A punch biopsy was done which showed slightly increased numbers of irregularly shaped dilated vascular channels lined by prominent endothelial cells in the dermis, extending to the lateral specimen edges. Immunoperoxidase staining for CD31 was positive for endothelial cells lining vascular channels in the dermis. Immunoperoxidase staining for D240 revealed highly increased numbers of lymphatic channels in the dermis. Many perivascular lymphoid cells in the dermis as well as some cells lining vascular and lymphatic channels stained positive for Ki-67. The patient’s initial biopsy was determined to be angiosarcoma. The biopsy was sent for a second opinion to confirm, and at that point it was determined to be an atypical vascular proliferation rather than angiosarcoma. The patient underwent subsequent biopsies in all four quadrants of her breast. These findings were more consistent with atypical vascular proliferation and radiation changes rather than malignancy. It was determined that the patient should be followed clinically and did not need radical excision of the affected area.

Discussion
Postradiation vascular tumors have been described as two types: angiosarcoma postradiation and atypical vascular lesions.[8] The angiosarcoma postradiation is the malignant variant with significant mortality, and atypical vascular lesions behave in a benign manner.[8] However, histology and clinical presentation often show overlap and these vascular tumors may be on one disease spectrum.[8] It has been suggested that some forms of angiosarcoma have arisen from atypical vascular lesions.[1,8] A study of 42 patients ranging in age from 36- to 90-years old showed a substantial time difference between when patients presented with atypical vascular lesions (median 3.5 years) and cutaneous angiosarcoma, (median 6 years) postradiation.9 Stewart-Treves syndrome is distinct from angiosarcoma postradiation because it develops in an arm with chronic lymphedema following mastectomy and axillary lymph node dissection for breast cancer, rather than in a site that received radiation.[10]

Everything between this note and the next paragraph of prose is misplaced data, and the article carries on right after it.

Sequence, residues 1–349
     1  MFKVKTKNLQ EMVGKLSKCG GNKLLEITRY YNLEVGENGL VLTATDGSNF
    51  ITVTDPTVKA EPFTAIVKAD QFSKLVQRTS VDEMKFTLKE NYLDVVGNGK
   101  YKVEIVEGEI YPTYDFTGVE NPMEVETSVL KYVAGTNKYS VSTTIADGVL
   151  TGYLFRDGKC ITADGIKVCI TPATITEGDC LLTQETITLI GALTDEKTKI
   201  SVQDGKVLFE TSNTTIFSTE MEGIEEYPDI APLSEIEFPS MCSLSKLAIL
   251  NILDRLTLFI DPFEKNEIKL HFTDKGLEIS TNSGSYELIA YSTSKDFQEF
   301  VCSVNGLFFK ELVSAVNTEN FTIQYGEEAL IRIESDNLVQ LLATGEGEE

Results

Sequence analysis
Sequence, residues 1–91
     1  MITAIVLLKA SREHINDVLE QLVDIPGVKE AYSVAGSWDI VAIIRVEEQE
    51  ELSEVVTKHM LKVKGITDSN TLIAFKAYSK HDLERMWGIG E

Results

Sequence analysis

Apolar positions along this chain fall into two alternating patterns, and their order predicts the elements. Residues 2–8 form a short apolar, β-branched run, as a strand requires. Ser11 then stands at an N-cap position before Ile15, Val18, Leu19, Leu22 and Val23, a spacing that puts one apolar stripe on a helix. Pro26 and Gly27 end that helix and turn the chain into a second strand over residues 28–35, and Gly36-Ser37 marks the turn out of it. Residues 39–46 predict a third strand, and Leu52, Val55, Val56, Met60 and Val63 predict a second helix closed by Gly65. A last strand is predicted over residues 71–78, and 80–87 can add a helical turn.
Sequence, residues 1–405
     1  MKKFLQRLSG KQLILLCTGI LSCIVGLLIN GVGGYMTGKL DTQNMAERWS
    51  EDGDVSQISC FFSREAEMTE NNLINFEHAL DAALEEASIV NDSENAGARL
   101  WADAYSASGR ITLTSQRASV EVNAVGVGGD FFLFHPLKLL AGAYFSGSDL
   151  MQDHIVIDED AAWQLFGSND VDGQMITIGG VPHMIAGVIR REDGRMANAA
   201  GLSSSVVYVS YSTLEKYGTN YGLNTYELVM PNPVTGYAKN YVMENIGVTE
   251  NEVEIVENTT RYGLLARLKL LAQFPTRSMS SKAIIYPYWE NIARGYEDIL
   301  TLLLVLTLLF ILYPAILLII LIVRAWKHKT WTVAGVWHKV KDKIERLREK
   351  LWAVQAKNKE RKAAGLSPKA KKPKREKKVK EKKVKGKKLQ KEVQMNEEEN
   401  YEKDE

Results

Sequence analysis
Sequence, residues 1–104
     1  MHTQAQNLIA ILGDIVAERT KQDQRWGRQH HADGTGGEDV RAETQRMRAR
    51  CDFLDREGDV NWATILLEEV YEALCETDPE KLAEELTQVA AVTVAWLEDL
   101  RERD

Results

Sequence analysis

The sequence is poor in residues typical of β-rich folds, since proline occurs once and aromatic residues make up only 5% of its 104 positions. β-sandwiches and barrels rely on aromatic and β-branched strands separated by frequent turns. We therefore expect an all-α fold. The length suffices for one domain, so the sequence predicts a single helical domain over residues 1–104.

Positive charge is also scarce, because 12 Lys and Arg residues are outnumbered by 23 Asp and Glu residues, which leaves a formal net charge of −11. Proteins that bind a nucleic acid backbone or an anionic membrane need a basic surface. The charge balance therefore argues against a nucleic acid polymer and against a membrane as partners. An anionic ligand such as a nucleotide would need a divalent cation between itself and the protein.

The patient described in this case is unique in two ways. First, she presented with a firm, sclerotic, smaller breast, which was due to the underlying pathology rather than her breast surgery, lumpectomy. The authors’ initial differential diagnosis favored postradiation morphea, chronic radiodermatitis, or carcinoma erysipelatoides, as angiosarcoma does not commonly present with a diffuse, sclerotic, hard breast. Additionally, she presented eight months following radiation, which is an extremely short latency period between radiation therapy and angiosarcoma.

This case represents a patient who presented with an atypical lesion concerning for angiosarcoma. Repeated biopsies were necessary to obtain the correct diagnosis.  One biopsy may not be sufficient for distinguishing atypical vascular proliferation from angiosarcoma. The authors’ present this case to increase awareness of the difficulty in making this distinction.

References
1.    Kligman LH, Kligman AM. The nature of photoaging: its prevention and repair. Photodermatol. 1986;3:215–227.
2.    El-Domyati M, Attia S, Saleh F, et al. Intrinsic aging vs. photoaging: a comparative histopathological, immuno-histochemical, and ultrastructural study of skin. Exp Dermatol. 2002;11:398–405.
3.    Helfrich YR, Sachs DL, Voorhees JJ. Overview of skin aging and photoaging. Dermatol Nurs. 2008;20:177–183.
4.    Uitto J. The role of elastin and collagen in cutaneous aging: intrinsic aging versus photoexposure. J Drugs Dermatol. 2008;7:S12–S16.
5.    Sadick NS, Weiss R. Intense pulsed-light photorejuvenation. Semin Cutan Med Surg. 2002;21:280–287.
6.    El-Domyati M, Attia S, Saleh F, et al. Effect of topical tretinoin on photoaged facial skin: a histometric, immunohistochemical and ultrastructural study. J Cosmet Dermatol. 2004;3: 191–201.
7.    Kim KH, Geronemus RG. Nonablative laser and light therapies for skin rejuvenation. Arch Facial Plast Surg. 2004;6:398–409.
8.    Sadick NS, Makino Y. Selective electro-thermolysis in aesthetic medicine: a review. Lasers Surg Med. 2004;34: 91–97.
9.    Trelles MA, Allones I, Velez M. Nonablative facial skin photorejuvenation with an intense pulsed light system and adjunctive epidermal care. Lasers Med Sci. 2003;18:104–111.
10.    Bogle MA, Ubelhoer N, Weiss RA, et al. Evaluation of the multiple pass, low fluence algorithm for radiofrequency tightening of the lower face. Lasers Surg Med. 2007;39: 210–217.